Once you've protected your assembly and released it to your customer how can you be certain that it will remain protected? Obfuscation only tools offer no protection from later modification or memory and reflection attacks. When Code Encryption is used to protect your assembly, CodeVeil will continue to protect your application from modification or disassembly. This topic discusses some of the efforts CodeVeil takes to continue protection at runtime.
During the encryption phase of the veiling process, CodeVeil will add a native 32-bit loader to your assembly. The Runtime Executive takes over portions of the .NET runtime to decrypt your codeonly when it is needed and then destroys it. During this process and continually during execution the executive provides the following additional protections.
When your assembly is first loaded the executive uses the encrypted version of your assembly as a decryption key to decode key portions of itself. Any unauthorized modifications to the assembly will corrupt this process preventing the assembly from loading properly.
When Verify assembly strong names is selected, the runtime executive will check the strong name signatures of the protected assemblies and any third party assemblies referenced by the application even if strong name verificiation is disabled on the machine.
The runtime executive injects additional instructions that will wreak havoc on debuggers that attempt to attach to a veiled process and perform any debugging operations. CodeVeil uses many different anti-debugging techniques - some well known, others designed by XHEO - so that overcoming one block does not expose other portions of the code.
Component developers should carefully consider the use of this option. When used developers using the components will not be able to debug even their own code.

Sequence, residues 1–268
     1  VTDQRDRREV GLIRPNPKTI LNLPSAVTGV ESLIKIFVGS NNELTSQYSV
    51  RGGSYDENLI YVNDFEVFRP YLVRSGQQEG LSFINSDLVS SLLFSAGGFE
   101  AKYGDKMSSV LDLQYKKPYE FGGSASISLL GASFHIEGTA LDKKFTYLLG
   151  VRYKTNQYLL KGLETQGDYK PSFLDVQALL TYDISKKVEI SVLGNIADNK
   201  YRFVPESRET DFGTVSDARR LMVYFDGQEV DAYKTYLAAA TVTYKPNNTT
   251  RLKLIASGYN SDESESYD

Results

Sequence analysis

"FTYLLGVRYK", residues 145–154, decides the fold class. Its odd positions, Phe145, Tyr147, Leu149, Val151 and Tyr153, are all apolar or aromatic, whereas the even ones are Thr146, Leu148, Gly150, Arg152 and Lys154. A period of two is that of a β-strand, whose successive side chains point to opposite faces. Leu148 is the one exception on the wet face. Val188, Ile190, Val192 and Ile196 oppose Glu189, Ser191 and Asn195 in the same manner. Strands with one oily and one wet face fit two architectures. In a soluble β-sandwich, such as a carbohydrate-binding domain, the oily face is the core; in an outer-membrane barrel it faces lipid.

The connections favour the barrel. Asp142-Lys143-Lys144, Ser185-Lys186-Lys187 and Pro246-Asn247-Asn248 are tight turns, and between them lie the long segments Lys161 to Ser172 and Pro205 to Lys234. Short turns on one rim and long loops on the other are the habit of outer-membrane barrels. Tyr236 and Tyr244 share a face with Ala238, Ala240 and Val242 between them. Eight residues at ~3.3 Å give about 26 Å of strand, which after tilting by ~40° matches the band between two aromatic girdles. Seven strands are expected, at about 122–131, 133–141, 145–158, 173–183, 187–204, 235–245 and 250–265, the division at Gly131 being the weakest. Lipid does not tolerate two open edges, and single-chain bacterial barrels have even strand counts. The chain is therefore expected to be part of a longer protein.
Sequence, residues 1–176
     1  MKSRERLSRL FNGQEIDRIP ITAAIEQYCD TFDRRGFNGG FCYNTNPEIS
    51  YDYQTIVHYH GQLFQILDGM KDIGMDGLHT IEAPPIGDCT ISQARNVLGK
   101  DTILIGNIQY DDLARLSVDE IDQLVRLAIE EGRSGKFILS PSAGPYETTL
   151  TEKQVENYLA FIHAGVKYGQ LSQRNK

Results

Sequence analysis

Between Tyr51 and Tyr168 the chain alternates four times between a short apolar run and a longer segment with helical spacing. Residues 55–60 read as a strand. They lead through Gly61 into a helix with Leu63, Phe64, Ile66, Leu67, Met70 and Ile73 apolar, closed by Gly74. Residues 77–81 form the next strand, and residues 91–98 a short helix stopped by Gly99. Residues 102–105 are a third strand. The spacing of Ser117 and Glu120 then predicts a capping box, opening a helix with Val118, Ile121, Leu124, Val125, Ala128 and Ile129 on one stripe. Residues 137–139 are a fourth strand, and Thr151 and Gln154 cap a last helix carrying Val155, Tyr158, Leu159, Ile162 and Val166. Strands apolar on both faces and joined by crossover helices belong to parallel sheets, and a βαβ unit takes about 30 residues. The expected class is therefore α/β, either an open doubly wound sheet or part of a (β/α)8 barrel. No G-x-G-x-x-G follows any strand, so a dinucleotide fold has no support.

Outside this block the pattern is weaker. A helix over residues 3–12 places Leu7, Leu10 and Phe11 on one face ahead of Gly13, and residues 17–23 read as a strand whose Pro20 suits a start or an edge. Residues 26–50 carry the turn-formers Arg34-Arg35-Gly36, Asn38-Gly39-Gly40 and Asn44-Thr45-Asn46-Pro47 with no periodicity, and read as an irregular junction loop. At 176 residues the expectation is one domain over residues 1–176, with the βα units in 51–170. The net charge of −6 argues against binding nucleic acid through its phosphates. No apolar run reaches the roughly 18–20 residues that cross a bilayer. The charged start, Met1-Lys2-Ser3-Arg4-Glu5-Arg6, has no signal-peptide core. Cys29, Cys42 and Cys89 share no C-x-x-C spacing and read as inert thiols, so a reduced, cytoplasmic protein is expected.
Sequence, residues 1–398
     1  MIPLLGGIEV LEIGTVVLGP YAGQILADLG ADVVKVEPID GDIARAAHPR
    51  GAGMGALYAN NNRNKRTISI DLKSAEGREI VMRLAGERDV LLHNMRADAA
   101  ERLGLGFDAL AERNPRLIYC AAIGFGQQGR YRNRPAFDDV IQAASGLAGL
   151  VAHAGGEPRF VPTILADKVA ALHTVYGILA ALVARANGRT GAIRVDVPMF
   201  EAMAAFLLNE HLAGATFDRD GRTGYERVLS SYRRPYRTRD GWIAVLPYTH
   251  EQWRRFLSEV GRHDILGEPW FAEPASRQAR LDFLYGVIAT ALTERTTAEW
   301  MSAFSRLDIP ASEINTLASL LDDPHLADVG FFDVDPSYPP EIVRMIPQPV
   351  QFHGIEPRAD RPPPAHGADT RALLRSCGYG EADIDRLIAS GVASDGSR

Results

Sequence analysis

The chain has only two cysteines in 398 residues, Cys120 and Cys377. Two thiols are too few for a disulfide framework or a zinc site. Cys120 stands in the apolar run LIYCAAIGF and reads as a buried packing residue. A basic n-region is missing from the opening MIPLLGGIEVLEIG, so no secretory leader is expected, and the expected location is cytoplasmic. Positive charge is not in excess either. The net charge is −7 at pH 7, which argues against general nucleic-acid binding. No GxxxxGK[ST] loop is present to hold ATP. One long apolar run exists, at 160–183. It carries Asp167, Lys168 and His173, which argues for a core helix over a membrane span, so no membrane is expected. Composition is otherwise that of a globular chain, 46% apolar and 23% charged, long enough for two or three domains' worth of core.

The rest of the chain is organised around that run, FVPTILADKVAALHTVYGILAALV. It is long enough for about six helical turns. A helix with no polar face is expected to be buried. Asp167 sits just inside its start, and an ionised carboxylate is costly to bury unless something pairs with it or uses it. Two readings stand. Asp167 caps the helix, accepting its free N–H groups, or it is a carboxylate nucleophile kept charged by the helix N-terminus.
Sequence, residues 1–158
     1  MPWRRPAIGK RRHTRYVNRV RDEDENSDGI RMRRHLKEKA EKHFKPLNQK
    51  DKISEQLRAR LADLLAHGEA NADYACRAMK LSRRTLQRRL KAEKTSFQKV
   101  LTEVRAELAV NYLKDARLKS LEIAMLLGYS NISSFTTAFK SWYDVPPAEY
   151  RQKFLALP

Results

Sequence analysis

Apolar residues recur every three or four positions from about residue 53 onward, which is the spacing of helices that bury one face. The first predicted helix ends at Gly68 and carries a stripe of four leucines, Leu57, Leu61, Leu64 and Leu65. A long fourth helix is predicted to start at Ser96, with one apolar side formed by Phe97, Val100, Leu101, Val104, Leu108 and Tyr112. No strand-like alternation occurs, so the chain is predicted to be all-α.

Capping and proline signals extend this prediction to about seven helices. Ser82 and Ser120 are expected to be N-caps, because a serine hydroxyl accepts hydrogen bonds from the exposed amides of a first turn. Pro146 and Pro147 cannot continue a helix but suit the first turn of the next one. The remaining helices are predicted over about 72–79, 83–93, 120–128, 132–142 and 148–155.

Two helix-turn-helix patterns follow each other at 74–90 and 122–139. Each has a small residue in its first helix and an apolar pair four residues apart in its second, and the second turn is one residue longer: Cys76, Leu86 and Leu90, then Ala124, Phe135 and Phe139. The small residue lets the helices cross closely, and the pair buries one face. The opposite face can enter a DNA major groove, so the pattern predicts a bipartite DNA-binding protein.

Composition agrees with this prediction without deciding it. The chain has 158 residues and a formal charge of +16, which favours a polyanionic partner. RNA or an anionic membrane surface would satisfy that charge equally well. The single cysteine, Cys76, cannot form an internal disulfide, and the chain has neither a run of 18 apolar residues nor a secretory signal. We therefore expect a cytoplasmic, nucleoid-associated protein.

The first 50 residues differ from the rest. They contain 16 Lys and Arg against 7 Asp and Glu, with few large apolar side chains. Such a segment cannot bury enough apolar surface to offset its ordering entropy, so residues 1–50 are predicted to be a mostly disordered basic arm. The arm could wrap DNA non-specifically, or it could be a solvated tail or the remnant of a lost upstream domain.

Anti-Reflection techniques are applied when the assembly is veiled. This junk meta-data will crash or severely impair a .NET disassembly tool such as Reflector and ILDASM from accessing the good meta-data.
Tracing is a debugging technique used to map execution paths and is used to isolate code involved in performing specific operations. The Anti-Debugging features will prevent tracing of the execution path of the assembly. CodeVeil adds additional code that will execute alternate instruction paths when traced so that the true execution path is not revealed.
One common technique for disassembly encrypted applications is to run the application, then save the in-memory version of the application to disk. The dumped version can then be modified by the hacker and then reloaded in its decrypted state.
The runtime executive decrypts only those portions of the code required for the immediate execution of the code and injects it directly into the .NET runtime memory structures. The decrypted version of the assembly is never available in memory.
The .NET runtime has special points of entry for profilers that allow them to see and modify assemblies at runtime. The runtime executive will prevent the process from loading the veiled assembly and eliminate the threat.
Prevents third parties from building applications using assemblies from your project. Attempts to compile against a protected assembly will crash the .NET compilers.